ISCARIOT: At least Trace O’Connor’s giant squid-woman sculpture provides entertainment.
HarborArts offers an open-ended public-art installation that the non-profit assembled with help from MassArt's Urban Arts Institute at the Boston Harbor Shipyard and Marina at 256 Marginal Street in East Boston. It benefits from its waterfront location and spectacular views of the Boston skyline across the harbor. But the 46 pieces aren't much better than what's in the ConstellationCenter show. James Fuhrman writes that his Sea Change — See Change is "a place of quiet reflection amid the noise of the human elements of the harbor. It asks viewers to pause, be still, watch, and be aware." The sculpture is the title words — a dull pun — arranged in a ring floating in one of the flooded dry docks. It looks like garbage dumped into the harbor.
The best pieces are Bayne Peterson's Yardship, a little roof on three wheels that sprouts a square-rigged mast and sails, and Trace O'Connor's Iscariot, a giant metal squid woman with long curling tentacles that sits atop one of the industrial buildings. They're more entertaining spectacle than substantial, but that's enough.
What sets Nastanski's outpost apart is that it's firmly rooted in its locale and makes the site better. "I started in October , and most of it probably happened before that first winter," he tells me. The roof is a tarp supported by lashed-together branches. On a bright summer day, it takes your eyes a bit to adjust to the darkness inside. Arrayed on a stick bench, shelves built across one of the rock walls, and the dirt floor are things Nastanski has mostly found in the park — audio cassettes, ping-pong balls, a frying pan, a clock, little skulls ("either raccoons or cats, I'm not sure"), dried-out plants in bottles, a globe, tent stakes, an old-time-looking photo of Nastanski in 19th-century costume, images of Henry David Thoreau and Ben Franklin, a Jamaican flag, feathers, copies of Walden and Lord of the Flies.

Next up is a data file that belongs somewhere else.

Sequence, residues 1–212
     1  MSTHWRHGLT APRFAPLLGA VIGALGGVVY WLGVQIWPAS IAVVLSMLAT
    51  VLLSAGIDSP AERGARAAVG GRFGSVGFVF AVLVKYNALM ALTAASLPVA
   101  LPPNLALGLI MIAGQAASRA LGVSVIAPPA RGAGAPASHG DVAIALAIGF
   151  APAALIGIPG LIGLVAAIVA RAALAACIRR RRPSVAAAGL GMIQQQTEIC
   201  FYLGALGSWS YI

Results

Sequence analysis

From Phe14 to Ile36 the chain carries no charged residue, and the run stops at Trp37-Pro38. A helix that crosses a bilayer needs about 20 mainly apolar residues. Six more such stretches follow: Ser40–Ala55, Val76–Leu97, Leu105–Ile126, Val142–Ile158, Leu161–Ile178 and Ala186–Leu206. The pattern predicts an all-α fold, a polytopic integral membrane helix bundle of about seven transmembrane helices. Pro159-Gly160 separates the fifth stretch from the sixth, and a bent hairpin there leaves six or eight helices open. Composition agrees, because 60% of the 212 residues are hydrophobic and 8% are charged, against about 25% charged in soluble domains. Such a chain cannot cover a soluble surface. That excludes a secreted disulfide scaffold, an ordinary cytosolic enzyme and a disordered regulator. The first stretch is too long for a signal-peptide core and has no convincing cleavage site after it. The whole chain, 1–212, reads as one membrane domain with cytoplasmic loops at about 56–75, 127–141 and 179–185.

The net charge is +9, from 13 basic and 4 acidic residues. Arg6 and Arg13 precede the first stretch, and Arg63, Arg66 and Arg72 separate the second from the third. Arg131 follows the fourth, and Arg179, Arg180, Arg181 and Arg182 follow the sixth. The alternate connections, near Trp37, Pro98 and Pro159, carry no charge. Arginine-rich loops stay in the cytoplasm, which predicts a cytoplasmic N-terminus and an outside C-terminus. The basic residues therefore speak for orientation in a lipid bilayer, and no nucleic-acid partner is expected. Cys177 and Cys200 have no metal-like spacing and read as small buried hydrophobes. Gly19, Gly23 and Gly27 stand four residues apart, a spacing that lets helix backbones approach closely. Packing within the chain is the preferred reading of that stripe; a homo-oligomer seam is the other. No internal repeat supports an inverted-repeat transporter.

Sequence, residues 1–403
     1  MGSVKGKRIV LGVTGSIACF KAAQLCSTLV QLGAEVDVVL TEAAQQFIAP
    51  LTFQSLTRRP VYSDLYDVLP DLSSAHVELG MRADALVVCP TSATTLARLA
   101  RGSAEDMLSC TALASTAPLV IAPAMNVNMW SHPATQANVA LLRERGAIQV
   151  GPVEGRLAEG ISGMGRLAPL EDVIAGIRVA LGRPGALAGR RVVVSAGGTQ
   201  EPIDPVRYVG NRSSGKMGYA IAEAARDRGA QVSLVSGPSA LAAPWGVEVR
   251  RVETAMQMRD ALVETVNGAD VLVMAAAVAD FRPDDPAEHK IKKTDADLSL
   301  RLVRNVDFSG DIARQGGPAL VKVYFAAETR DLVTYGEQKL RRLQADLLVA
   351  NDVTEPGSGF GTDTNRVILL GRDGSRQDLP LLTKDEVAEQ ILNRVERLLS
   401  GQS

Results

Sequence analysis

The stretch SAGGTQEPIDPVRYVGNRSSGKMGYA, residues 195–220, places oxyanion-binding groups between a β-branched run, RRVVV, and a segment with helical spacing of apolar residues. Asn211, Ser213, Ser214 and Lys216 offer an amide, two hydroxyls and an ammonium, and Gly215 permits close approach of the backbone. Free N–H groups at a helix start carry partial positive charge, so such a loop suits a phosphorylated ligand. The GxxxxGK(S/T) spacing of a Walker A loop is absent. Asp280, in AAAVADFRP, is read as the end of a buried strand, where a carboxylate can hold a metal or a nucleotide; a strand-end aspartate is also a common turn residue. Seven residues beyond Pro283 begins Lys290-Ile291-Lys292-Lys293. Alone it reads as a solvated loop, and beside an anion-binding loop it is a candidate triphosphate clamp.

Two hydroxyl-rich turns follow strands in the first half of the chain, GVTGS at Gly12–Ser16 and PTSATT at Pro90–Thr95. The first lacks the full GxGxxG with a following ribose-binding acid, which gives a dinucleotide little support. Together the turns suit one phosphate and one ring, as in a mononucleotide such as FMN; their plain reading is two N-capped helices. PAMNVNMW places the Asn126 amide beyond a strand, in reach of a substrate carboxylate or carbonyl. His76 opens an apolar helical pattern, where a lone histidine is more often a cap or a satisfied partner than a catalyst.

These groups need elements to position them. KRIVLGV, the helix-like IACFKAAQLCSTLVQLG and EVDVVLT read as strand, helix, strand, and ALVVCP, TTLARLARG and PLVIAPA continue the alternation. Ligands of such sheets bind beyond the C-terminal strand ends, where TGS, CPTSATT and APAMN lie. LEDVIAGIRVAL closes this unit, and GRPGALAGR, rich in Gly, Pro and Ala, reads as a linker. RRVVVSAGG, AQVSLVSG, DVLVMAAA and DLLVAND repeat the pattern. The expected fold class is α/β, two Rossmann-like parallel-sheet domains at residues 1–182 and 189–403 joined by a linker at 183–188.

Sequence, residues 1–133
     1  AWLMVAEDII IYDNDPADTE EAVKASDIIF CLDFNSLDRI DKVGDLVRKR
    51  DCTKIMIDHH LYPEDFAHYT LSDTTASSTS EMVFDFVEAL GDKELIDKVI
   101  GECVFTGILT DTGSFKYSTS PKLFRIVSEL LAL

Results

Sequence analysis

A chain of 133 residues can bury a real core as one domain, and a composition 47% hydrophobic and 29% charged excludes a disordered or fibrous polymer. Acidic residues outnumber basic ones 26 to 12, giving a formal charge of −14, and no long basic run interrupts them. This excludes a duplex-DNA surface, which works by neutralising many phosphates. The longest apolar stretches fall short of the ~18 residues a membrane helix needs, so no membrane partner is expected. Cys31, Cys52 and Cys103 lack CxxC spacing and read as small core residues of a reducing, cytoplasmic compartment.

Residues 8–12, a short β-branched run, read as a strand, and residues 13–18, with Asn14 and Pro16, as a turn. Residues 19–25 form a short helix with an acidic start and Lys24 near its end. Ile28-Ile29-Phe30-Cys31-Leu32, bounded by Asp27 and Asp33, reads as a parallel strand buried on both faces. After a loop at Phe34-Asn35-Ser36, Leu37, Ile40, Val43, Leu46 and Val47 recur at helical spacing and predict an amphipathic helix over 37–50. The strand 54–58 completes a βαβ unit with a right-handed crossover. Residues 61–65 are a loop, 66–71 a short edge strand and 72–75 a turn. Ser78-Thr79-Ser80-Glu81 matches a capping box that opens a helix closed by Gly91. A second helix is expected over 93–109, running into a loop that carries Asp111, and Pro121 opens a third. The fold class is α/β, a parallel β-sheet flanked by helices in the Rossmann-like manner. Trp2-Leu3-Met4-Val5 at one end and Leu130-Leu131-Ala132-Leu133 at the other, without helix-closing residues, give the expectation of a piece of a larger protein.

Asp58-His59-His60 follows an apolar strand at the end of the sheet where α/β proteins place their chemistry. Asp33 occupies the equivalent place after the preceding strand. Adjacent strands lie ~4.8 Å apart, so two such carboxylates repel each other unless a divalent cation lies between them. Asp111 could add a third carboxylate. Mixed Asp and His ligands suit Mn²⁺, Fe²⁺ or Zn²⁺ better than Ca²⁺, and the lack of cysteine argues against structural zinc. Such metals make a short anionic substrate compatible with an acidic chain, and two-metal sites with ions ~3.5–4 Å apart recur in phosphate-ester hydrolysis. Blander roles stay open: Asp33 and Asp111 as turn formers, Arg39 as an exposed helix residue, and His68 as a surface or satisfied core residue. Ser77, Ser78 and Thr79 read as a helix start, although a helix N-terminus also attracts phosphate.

This collection can feel like standard-issue goth furnishings. But it's unsettling to happen upon the outpost. The thing is strange and spooky, maybe dangerous, definitely sketchy. But also a refuge.
Whenever I sit on one of the small, uncomfortable, ugly granite seats that Seattle artist Buster Simpson designed for the Downtown Crossing T stop in 1987, I worry about the state of public art. One of the legacies of Minimalism is a landscape littered with boring abstract sculptures disconnected from their surroundings and from people.
There are stellar public artworks in the area: Augustus Saint-Gaudens's Shaw Memorial on Boston Common, Nancy Schon's Make Way for Ducklings in the Public Garden, Mark di Suvero's Huru at UMass Boston, Stanley Saitowitz's New England Holocaust Memorial near Faneuil Hall, Susumu Shingu's Gift of the Wind at the Porter Square T stop in Cambridge, Leonard Craske's Fisherman's Memorial in Gloucester.
But perhaps after a decade, residents should be able to vote on whether a public work is to stay or go. Then again, supporters might not be willing to spend as much on temporary works, and that could kill off major projects like, say, Anish Kapoor's breathtaking Cloud Gate in a downtown Chicago park. The ConstellationCenter and HarborArts installations, moreover, are the doing of private organizations — and evidence that they too can succumb to bureaucratic mediocrity. Does it all come down to that ineffable quality of vision?